News

Full Metal Racket

After the Santa Cruz City Council approved the $251,293 purchase of an armored SWAT-style truck at a recent meeting, citizens began loudly chanting “shame!” Police, including Santa Cruz Police Chief Kevin Vogel, cleared the room. Keith McHenry, co-founder of Food Not Bombs, says he “was kicked out and threatened with arrest” by police. This was all enough to temporarily shut down the Dec. 9 council meeting, which had been marked by yelled-out comments from community members.

The council voted 6-1 to approve $251,293 in grants from the Department of Homeland Security to SCPD to purchase the armored vehicle—probably a BearCat made by Lenco, Vogel tells GT.

“This vehicle is manufactured specifically for law enforcement use and is not a military surplus vehicle,” Vogel says.

According to Lenco’s website, BearCat stands for Ballistic Engineered Armored Response Counter-Attack Truck.

Retired San Jose firefighter Ron Pomerantz, for one, doesn’t like the look of it. “I understand why fire and police might want it. But it looks a little tank-ish,” says Pomerantz, who was at the meeting.

Councilmember Micah Posner expressed similar sentiments during the meeting, saying, “It does look a little scary. It looks like an army vehicle.”

At the council meeting, SCPD’s Bernie Escalante explained that the BearCat would have been useful in the ’89 earthquake, the 2013 killing of two SCPD officers, and during hash-oil fires.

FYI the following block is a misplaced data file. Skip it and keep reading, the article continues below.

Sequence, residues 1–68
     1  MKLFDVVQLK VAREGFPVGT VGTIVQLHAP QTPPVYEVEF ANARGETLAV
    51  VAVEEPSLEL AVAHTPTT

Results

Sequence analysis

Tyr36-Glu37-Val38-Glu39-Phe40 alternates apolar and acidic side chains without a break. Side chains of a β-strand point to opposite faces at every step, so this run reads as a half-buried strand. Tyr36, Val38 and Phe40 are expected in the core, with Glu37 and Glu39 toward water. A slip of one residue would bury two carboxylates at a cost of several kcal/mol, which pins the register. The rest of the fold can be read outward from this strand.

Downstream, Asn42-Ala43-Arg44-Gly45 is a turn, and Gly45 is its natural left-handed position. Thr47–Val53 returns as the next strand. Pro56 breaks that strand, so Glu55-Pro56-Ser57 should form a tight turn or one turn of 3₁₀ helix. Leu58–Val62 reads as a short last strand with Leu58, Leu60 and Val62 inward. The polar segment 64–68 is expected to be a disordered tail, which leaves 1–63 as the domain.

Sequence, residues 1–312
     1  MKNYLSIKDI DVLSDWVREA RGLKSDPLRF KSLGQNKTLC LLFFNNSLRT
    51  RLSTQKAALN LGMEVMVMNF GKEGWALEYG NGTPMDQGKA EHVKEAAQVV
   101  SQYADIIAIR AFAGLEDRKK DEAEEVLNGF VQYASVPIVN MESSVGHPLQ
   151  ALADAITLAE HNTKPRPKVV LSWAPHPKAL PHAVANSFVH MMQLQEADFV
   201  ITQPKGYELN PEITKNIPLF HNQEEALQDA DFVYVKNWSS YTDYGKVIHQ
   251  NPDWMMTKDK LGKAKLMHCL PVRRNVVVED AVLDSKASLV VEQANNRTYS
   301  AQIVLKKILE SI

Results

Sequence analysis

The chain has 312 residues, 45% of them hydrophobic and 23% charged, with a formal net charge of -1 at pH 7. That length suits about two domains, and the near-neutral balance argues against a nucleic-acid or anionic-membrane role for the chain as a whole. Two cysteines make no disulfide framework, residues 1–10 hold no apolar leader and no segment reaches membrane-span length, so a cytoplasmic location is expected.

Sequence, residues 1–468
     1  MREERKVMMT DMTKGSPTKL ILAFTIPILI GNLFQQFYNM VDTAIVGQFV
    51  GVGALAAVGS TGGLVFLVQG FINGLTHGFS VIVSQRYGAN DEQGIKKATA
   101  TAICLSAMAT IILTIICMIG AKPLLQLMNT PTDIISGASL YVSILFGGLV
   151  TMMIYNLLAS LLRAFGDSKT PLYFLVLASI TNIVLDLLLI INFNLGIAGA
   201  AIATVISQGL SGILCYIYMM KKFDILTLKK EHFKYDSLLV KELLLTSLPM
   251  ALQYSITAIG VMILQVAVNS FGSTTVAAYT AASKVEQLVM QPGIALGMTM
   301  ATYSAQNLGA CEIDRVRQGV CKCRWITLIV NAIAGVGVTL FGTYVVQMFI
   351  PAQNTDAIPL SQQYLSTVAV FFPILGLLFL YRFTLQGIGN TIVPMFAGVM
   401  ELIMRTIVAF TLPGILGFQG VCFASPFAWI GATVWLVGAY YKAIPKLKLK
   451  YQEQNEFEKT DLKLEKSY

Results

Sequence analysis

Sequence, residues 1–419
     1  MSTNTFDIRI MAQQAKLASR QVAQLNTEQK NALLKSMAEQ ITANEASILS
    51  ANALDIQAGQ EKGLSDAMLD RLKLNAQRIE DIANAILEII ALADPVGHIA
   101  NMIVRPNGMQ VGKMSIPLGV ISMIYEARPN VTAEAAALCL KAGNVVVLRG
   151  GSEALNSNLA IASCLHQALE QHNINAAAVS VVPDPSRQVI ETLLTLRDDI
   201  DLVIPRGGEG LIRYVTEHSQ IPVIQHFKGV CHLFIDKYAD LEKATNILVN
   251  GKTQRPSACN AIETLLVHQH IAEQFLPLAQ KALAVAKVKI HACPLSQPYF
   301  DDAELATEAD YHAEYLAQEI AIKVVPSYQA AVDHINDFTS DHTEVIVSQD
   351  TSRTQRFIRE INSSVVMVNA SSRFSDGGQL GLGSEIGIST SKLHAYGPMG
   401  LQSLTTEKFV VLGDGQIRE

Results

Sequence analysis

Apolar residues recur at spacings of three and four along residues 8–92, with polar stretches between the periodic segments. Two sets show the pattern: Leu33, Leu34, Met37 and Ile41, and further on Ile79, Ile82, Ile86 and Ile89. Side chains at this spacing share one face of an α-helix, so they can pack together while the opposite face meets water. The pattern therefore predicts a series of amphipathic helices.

19 citizens spoke in opposition to the BearCat, and none spoke in support. Posner, who cast the dissenting vote, later told GT that all city departments are required to notify City Council when they apply for grants of this size, which the SCPD hadn’t done.

Neither the city manager nor the city attorney returned multiple calls for this story, but Keith Sterling, the city’s public relations representative responded via email, saying only, “The item was brought to council through an agenda item as usual protocol.”

Councilmembers were first notified of the grants on Dec. 2 in a report that refers to an “emergency response and rescue vehicle” without mentioning that it’s an armored personnel carrier.

Posner says his main concern is with the process of this grant application and others for Automatic License Plate Readers (ALPRs). Last September, city councilmembers learned from GT that SCPD had received its second grant for ALPRs in June.

At the meeting, Deputy Chief Steve Clark told the council that the grants would be lost unless a decision was made that day.

McHenry, yelling from the audience, and Posner both said at the meeting that police should have given people more notice, making the issue public sooner.

Vogel tells GT that the SCPD applied for the armored vehicle grants over a year ago in fall of 2013, and that they were approved in May 2014—seven months before the council was notified. Posner proposed an amendment that the vehicle not be used during nonviolent political protests, but it failed.

An online petition launched to “Give Back The BearCat,” created by local ACLU boardmember Steve Pleich, has 579 signatures so far and will be presented to the City Council at their first meeting of 2015, on Jan. 13.

To Top